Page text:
Bhutan’s preparedness against Ebola
Although the Ebola virus disease (formally known as ebola haemorrhagic fever) first appeared in 1976 in two simultaneous outbreaks, one in a village near the Ebola River in the Democratic Republic of Congo and the other in a remote area of Sudan.
So the current outbreak in West Africa, the majority of cases in humans have occurred as a result of human-to-human transmission since the World Health Organization (WHO) declared on 8th August 2014 that Ebola is a public health of international concern and after that Paro international airport has screened 13,470 people until December 28, 2014.
Out of the total they had screened, 35 from Africa and three of them had flown from Ebola affected country and one was from Senegal.
It’s for this reason that, Ministry of Health in collaboration with World Health Organization (WHO) organized Ebola sensitization workshop for media houses in Paro on January 6th and 7th since it is a national emergency concern.
WHO’s Representative to Bhutan, Dr. Ornella Lincetto said, “I am pretty confident that Ebola outbreak will not happen in Bhutan but
for Bhutan it is most important for Bhutan’s preparedness although it is low risk of outbreak”.
Ebola, despite being a national emergency concern there is no any restriction for the travelers. The chief program officer of communicable diseases division of the Ministry of Health, Dr Karma Lhazeen said, for the travellers and traders, no restriction has been made but the ministry will give full information that is required or else to postpone the travel or to defer.
Since animals are the main factors, she added that if animals sectors have good surveillance system and preparedness with control measure than there is low risk of getting the Ebola. “We are striving towards preparedness to Bhutan Agriculture and Food Regulatory Authority (BAFRA), animal sector, environmental sector and point of entry”, she said.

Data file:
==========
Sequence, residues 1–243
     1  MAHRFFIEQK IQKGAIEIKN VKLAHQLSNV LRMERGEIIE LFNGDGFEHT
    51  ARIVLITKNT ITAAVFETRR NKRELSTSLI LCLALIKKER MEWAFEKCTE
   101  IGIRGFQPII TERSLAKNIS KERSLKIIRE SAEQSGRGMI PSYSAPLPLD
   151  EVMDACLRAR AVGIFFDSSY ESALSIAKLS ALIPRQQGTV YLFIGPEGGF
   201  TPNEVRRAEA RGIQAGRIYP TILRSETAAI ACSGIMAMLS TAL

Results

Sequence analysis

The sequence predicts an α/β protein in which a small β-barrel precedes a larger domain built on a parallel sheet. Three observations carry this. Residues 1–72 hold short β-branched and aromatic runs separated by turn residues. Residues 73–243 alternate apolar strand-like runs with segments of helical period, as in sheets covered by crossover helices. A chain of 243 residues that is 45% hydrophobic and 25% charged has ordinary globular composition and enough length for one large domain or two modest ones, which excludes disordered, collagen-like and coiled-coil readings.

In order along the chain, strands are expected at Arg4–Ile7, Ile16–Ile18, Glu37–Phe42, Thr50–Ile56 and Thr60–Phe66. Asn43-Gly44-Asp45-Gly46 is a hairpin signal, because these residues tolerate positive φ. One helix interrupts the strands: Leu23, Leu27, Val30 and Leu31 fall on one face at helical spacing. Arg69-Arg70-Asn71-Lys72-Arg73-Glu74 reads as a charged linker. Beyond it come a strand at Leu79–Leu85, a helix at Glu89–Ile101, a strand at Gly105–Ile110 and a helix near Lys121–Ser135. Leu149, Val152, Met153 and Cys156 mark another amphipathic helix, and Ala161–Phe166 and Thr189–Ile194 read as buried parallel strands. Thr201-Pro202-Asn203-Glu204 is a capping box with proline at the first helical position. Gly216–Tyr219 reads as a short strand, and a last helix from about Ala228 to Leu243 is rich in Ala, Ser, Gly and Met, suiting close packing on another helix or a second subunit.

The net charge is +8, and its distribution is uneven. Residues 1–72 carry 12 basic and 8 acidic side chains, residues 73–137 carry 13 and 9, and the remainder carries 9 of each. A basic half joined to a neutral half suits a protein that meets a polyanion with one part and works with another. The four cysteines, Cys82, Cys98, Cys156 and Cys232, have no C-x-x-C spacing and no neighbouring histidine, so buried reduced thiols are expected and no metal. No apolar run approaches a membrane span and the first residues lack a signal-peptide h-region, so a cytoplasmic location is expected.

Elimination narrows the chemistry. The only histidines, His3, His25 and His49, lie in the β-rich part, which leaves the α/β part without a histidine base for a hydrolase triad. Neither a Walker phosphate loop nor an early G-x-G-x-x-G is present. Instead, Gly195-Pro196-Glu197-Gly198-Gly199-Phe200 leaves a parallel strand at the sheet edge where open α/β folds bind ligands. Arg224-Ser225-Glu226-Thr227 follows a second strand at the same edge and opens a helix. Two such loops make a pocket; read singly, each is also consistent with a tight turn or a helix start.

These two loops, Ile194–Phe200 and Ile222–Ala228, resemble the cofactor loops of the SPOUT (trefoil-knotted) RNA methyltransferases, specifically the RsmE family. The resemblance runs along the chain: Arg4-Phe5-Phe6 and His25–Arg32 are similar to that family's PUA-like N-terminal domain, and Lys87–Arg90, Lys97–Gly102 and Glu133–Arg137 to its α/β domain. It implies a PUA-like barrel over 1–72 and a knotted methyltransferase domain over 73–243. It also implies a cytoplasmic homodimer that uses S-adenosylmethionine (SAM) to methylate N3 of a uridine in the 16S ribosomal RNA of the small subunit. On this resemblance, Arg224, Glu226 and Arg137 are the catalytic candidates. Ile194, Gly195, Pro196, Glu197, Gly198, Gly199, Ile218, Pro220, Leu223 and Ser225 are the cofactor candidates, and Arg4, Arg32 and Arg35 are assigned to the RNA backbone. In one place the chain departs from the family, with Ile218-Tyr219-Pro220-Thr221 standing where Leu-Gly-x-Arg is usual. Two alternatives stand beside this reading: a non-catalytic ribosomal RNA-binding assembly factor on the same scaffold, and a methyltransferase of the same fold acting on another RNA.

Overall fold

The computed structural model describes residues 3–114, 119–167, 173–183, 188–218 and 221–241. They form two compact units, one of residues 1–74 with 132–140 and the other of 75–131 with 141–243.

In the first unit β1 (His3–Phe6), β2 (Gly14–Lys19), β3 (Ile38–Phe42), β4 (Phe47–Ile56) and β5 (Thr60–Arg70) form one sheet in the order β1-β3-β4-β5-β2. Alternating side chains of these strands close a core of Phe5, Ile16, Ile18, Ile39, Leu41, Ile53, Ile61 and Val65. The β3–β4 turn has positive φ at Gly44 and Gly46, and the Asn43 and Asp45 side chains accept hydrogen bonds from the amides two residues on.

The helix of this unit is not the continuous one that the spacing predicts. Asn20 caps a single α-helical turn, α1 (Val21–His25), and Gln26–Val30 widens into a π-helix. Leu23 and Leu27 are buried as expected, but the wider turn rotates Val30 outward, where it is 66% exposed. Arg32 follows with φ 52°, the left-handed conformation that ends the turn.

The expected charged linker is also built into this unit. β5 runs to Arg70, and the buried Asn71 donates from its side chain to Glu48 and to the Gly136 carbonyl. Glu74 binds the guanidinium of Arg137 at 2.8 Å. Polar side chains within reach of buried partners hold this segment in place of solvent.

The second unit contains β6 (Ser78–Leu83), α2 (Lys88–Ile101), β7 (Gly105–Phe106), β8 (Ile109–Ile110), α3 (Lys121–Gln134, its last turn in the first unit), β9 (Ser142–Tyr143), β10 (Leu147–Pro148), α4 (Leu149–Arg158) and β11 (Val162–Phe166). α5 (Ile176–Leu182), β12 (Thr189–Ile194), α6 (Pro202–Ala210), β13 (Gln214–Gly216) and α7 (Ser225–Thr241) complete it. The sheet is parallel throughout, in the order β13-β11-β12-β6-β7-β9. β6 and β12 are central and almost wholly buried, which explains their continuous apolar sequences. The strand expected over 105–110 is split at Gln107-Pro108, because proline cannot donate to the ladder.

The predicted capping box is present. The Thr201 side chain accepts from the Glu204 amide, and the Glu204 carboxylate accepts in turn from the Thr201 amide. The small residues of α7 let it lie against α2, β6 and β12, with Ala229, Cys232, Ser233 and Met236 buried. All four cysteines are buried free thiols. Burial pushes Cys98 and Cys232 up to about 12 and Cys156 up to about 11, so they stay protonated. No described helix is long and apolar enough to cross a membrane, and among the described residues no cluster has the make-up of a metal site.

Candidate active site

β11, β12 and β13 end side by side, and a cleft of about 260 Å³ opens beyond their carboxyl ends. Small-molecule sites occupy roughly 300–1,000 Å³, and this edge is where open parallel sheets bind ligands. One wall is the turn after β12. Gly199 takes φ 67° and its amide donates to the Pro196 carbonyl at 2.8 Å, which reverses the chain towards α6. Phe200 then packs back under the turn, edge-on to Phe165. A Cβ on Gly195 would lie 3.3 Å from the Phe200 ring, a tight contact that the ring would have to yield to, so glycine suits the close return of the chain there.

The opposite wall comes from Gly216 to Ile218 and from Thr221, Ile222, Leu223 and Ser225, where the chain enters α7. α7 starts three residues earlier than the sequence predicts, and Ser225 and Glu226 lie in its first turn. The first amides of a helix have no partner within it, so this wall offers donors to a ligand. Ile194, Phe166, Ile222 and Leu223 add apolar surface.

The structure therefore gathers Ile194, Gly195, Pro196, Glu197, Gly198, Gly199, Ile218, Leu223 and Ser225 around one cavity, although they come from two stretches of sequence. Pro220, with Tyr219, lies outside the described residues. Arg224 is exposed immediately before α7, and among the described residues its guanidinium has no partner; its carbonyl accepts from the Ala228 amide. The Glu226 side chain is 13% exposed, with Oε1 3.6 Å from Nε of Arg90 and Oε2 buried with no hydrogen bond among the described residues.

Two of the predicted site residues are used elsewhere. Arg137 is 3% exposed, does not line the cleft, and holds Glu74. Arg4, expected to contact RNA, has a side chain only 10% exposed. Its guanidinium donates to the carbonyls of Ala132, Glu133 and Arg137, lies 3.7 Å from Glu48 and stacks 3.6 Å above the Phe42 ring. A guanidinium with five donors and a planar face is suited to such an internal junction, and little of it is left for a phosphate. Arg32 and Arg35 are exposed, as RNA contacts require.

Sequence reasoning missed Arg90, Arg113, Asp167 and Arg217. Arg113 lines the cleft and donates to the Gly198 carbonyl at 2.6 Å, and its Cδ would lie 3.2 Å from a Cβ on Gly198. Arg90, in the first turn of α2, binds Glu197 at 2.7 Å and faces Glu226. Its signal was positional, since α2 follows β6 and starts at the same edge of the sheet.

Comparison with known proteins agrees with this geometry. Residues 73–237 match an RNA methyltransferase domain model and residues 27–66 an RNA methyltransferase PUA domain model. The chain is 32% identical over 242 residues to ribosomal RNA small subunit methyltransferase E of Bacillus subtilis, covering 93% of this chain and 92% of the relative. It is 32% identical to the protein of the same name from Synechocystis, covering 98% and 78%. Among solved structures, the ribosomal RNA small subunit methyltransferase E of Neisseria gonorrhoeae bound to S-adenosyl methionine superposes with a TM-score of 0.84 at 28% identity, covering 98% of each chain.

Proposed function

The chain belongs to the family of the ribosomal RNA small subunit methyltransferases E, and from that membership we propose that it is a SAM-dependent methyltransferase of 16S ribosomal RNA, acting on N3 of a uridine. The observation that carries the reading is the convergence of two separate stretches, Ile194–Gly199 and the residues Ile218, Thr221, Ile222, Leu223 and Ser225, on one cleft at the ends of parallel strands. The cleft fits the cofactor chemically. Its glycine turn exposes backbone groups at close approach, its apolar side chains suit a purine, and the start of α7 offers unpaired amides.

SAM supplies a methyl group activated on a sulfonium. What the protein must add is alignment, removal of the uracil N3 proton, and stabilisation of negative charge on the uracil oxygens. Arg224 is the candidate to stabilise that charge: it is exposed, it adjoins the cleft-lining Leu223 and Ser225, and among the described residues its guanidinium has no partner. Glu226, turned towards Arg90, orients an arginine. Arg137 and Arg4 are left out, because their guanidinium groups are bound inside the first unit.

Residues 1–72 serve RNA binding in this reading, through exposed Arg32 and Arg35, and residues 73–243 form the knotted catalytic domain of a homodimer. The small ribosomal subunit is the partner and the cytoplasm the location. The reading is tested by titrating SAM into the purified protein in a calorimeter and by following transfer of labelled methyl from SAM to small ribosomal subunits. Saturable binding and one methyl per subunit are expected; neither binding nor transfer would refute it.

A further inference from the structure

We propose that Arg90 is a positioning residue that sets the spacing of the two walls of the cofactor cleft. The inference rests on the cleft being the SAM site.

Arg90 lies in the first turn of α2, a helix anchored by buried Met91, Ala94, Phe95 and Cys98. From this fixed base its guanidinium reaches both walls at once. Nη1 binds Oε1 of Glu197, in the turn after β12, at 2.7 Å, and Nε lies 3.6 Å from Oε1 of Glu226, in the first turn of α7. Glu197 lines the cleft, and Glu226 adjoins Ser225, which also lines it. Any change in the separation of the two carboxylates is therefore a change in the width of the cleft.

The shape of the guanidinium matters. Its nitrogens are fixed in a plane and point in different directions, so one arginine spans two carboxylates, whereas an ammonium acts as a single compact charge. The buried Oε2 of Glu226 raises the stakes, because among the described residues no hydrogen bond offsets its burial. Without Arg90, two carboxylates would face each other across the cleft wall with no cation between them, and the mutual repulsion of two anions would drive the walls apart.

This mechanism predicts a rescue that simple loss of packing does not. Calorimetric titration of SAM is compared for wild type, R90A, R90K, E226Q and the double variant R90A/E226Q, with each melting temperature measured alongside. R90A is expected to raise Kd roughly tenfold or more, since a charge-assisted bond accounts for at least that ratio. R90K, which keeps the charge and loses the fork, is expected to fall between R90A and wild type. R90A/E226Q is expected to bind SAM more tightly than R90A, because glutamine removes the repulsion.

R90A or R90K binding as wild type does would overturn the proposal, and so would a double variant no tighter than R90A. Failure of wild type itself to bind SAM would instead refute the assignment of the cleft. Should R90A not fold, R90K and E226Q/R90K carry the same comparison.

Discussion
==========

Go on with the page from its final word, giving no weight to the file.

While at the Paro international airport, during the time of screening of the people, despite being informed, the travelers in the flight of the screening at the entry point, while coming back from any other countries, health official said that they are facing difficulties especially with Bhutanese people since they are not very cooperative for screening and filing up the form.
Bhutan is almost done with preparedness that a total of 15 laboratory personnel have been trained on personal protective equipment (PPE), sample collection and 40 health official have been sensitized on Ebola case management since the health personal will be the first person to handle the case and moreover about 200 airport staff were also sensitized.
It is concern for the country since country have overseas group who works in the affected areas of Africa. Dr. Karma Lhazeen said that although they are in the affected areas of Africa, but they are well informed.
According to the International Health Regulation (IHR) 2005 article 2 states that, to prevent, protect against, control and provide public health response to the intervention spread of disease in ways that are proportionate with and restricted to public health risks and which avoid unnecessary interference with international traffic and trade.
The preparedness is divided into three phases and the budget estimated for the first phase would be estimated to about Nu. 1.2M.
Dr. Karma Lhazeen added that next phase we have to put place of screening of disease in entry point, for instance Samdrup Jongkhar, Gelephu, Phuntsholing and Samtse, this areas are ground crossing by the travelers.
Meanwhile, the typical signs and symptoms for the ebola are sudden onset of fever, intense weakness, muscle pain, headache and sore throat. This is followed by vomiting, diarrhea, rash, impaired kidney and liver function, and in some cases both internal and external bleeding.
So for the laboratory findings include low white blood cell and platelet counts, and elevated liver enzymes.
While, the incubation period or the time interval from infection to onset of symptoms is from 2 to 21 days.